Bluetongue (blue tongue) outbreak in the UK – FWi’s special report

Videos and pictures on: How to beat Bluetongue

On this page FWi brings you:

  • Practical advice for preventing Bluetongue in livestock
  • Information on Bluetongue symptoms
  • Latest news headlines on the Bluetongue outbreak
  • Background information about Bluetongue

Practical advice for preventing Bluetongue in livestock:

Some simple husbandry changes and practical midge control measures may help break the livestock infection cycle of Bluetongue disease:

Bluetongue midge

  • Housing livestock during times of maximum midge activity – from dusk until dawn – will significantly reduce biting rates and potential likelihood of infection
  • Protecting livestock housing openings with fine mesh netting or coarser material impregnated with insecticide
  • Tackling potential midge breeding grounds and use of pour-on insecticides approved for use on sheep and cattle may reduce risk of infection to some degree in certain circumstances
  • Identify and destroy midge breeding sites – the Culicoides midges that carry the virus usually breed on animal dung and moist soils, either bare or covered in short grass. Turning off taps, mending leaks and filling in or draining damp areas will  help dry up breeding areas. Dung heaps and straw bedding should be removed at least weekly to break the immature midge breeding cycle
  • Apply insecticides approved for use on sheep and cattle – the DEFRA technical review on Bluetongue maintains that targeted use of synthetic pyrethroids – such as deltamethrin, applied weekly in and around animal housing and directly onto the target animals – should be effective as a practical disease defence strategy. But farmers need to speak to their vet about using insecticides as their use for midge control is off label and meat withdrawal periods will need modification. If you are using Coopers Spot On at weekly intervals, observe a 29-day withdrawal period for cattle and 63 days for sheep. The zero withdrawal period for milking dairy cows is unchanged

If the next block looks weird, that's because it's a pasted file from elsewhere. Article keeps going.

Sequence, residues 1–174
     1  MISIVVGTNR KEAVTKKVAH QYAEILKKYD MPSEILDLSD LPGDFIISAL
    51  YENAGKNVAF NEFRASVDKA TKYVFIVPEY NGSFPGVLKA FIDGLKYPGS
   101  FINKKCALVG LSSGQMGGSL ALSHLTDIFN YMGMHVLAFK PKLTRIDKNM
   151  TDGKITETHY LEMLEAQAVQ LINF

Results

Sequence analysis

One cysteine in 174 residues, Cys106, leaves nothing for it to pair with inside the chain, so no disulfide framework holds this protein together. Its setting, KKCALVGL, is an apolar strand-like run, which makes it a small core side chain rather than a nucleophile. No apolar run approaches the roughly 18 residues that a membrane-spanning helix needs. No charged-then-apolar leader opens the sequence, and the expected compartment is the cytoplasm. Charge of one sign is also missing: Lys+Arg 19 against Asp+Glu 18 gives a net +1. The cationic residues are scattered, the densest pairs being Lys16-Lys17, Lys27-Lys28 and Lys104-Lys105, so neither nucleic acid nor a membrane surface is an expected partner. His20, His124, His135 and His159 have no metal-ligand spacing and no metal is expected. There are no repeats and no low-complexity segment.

(Advice courtesy of Schering-Plough livestock vet adviser Paul Williams)

Click here for information on Bluetongue symptoms



Background information about Bluetongue:

What is Bluetongue?

Bluetongue is an insect-transmitted virus which can kill up to half of infected sheep and approximately 1% of infected cattle

Are there movement restrictions in place because of Bluetongue?

It’s complicated but you can keep up to date here

What insects are involved?

Culicoides oboletus and pulicaris midges carry the disease and can infect animals through a single bite  

What strain of Bluetongue is in the UK?

The strain is type 8 – the same strain as found across northern Europe, but not the same straiun affecting southern Europe. The type 8 strain is thought to have originated in Africa, but how it got to northern Europe no-one is sure

Bluetongue Europe map

How did it get here?

Bluetongue has been spreading across northern Europe since late 2006. It is likely a population of midges was blown across from Germany, the low countries or north-east France

Is it likely to devastate the UK livestock industry?

One thing in our favour is that now we are into autumn, temperatures are falling. The virus cannot replicate below 15 degrees C.

Is there a vaccine?

Yes a vaccination programme has been underway since May 2008 across England. Farmers in Wales began vaccination in early September. While no decision has been made on when Scottish farmers will be able to vaccinate.